No need for panic buying says UK tissue industry
The UK tissue industry has said there is no need for people to ‘panic buy’ toilet rolls as coronavirus fears intensify
The industry have moved to reassure consumers that the present COVID 19 crisis has had “no immediate impact” on the UK tissue manufacturing, wholesale stock levels, the industry supply chain or supply to retailers.
Scenes of what can only be described as fear-based hoarding have been witnessed in supermarkets not only in the UK, but in many countries across the world as coronavirus spreads.
A spokesperson for the Confederation of Paper Industries and the Paper Industry Technical Association said:
Coronavirus in itself has no impact (or likely impact) on the actual demand for toilet tissue and it follows there is no need to panic buy or stockpile.
Manufacturing and distribution continue to operate normally and retail stocks are being replenished.
Coronavirus has had no impact on manufacturing or supply chains, with products still being distributed to retailers as normal.
Manufacturers have increased production to cope with strong demand triggered by additional hand drying and increased hand tissue use stemming from heightened concerns over the airborne spread of disease. Additional product is now reaching retailers.”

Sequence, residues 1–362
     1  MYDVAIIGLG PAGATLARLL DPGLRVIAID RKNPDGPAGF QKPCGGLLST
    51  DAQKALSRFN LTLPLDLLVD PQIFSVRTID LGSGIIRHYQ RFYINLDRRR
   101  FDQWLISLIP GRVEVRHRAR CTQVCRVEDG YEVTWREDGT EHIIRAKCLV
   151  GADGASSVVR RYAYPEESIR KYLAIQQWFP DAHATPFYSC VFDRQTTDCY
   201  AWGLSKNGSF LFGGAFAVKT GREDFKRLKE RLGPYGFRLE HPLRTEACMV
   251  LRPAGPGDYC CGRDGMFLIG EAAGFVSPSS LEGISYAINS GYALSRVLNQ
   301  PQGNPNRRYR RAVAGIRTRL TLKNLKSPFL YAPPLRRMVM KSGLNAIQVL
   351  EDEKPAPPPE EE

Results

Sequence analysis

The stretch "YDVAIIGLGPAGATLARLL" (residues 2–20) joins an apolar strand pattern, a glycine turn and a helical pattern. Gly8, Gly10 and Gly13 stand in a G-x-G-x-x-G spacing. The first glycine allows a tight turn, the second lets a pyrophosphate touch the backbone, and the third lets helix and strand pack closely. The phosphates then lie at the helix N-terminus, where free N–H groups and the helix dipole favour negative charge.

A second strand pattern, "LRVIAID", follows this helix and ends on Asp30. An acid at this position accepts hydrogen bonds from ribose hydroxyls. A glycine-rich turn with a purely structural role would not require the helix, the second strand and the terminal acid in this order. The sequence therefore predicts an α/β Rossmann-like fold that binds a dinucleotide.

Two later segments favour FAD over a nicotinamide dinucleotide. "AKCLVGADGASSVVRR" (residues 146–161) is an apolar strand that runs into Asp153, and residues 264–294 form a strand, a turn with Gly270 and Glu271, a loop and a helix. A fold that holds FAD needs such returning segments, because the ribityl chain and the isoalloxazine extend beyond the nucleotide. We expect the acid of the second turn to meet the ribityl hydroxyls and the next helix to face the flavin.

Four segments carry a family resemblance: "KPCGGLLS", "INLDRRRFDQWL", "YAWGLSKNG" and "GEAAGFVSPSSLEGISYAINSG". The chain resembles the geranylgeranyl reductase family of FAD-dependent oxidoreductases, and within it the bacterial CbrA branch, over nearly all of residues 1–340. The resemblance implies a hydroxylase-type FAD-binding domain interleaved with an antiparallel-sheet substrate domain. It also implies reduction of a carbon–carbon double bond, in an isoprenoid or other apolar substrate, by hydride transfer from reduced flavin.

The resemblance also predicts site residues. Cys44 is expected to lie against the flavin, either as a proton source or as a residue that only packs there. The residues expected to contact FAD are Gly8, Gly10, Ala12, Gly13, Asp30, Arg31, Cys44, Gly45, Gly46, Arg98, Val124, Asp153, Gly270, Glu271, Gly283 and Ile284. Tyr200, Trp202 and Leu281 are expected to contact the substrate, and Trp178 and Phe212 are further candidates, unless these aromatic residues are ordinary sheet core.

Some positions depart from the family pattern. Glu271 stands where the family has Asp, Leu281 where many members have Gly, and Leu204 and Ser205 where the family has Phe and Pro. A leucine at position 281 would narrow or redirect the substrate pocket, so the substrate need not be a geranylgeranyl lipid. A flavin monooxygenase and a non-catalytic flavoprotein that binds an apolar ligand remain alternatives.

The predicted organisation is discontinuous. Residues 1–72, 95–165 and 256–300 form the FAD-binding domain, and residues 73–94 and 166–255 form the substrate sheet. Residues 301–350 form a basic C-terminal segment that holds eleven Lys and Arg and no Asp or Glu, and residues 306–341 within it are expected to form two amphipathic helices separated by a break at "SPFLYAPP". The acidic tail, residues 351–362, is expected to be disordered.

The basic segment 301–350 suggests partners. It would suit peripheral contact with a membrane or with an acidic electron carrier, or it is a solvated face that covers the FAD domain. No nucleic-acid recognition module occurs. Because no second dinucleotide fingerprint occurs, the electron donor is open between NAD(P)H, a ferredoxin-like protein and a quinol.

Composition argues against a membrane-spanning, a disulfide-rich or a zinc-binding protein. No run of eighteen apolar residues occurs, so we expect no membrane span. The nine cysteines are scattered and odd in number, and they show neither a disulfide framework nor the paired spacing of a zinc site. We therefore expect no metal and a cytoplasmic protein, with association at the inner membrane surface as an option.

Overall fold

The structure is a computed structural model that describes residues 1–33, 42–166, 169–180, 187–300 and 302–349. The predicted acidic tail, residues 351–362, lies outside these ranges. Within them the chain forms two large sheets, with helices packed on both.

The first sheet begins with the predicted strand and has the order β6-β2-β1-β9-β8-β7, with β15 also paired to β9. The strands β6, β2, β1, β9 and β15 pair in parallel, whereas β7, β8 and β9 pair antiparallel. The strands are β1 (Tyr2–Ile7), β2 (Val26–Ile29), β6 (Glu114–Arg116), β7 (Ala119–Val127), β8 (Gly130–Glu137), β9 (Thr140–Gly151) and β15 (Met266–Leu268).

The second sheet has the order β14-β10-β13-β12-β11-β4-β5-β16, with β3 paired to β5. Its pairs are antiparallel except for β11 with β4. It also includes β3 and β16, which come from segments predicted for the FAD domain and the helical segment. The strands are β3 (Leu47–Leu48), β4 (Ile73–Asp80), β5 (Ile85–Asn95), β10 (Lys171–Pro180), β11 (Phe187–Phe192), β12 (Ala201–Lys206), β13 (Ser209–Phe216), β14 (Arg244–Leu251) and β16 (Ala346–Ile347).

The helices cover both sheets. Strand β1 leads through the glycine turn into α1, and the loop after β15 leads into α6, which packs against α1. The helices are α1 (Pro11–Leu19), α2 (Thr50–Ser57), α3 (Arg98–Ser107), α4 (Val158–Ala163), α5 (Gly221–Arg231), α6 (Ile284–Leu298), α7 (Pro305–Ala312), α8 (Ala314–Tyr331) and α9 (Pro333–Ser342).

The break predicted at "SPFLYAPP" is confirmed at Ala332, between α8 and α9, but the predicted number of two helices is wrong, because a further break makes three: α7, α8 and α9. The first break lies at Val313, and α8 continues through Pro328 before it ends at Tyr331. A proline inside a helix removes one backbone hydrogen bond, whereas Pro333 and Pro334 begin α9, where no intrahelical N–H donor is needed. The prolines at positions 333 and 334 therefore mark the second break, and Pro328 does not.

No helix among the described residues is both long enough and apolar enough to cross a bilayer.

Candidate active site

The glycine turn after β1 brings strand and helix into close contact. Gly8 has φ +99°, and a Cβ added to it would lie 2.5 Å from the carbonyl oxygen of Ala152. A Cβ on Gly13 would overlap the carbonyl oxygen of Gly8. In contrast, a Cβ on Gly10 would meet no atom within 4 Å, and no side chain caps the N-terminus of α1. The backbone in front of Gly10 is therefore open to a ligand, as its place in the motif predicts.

The UK used around 1.25m tonnes of hygiene paper in 2019; more than half in the form of toilet tissue and the remainder as hand, facial, industrial and sanitary tissues.
Around 60 percent of this tissue was made in the UK’s seventeen tissue mills, including Essity’s mill in Oakenholt – with the balance being imported.
“Some press reports have incorrectly suggested large volumes of tissue are imported from China – this is not true.
As part of a global market, there are some exports to the UK, with all transported by ship taking at least four weeks to arrive.” The industry spokesperson said.
Members of the public can help protect themselves and others by always carrying tissues, and using them to catch coughs or sneezes.
They should bin the tissue, and to kill the germs, wash their hands with soap and water, or use a sanitiser gel.
This is the best way to slow the spread of most germs, including coronavirus.
Using paper towels reduces the risk of airborne viruses that may be caused by other hand drying systems.
In health care critical locations, such as hospitals, care homes and the food supply industry, disposable paper towels should always be the preferred method of hand-drying to minimise the risk of cross-contamination.
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